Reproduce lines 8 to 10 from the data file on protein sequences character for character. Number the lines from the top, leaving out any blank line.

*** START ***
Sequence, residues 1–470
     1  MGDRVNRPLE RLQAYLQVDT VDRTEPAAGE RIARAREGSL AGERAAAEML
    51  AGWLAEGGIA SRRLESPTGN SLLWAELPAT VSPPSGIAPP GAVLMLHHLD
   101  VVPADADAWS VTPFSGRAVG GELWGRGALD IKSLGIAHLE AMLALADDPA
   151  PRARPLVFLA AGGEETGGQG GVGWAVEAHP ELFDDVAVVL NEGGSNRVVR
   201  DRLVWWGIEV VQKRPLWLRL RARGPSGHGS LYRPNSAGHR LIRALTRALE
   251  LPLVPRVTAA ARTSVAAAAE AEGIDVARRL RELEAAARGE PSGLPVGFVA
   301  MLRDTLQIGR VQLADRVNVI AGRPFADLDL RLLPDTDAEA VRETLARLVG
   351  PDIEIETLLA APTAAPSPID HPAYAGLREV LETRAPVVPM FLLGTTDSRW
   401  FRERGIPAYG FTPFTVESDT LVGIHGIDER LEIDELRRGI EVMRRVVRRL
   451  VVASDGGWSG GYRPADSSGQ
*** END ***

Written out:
   301  MLRDTLQIGR VQLADRVNVI AGRPFADLDL RLLPDTDAEA VRETLARLVG
   351  PDIEIETLLA APTAAPSPID HPAYAGLREV LETRAPVVPM FLLGTTDSRW
   401  FRERGIPAYG FTPFTVESDT LVGIHGIDER LEIDELRRGI EVMRRVVRRL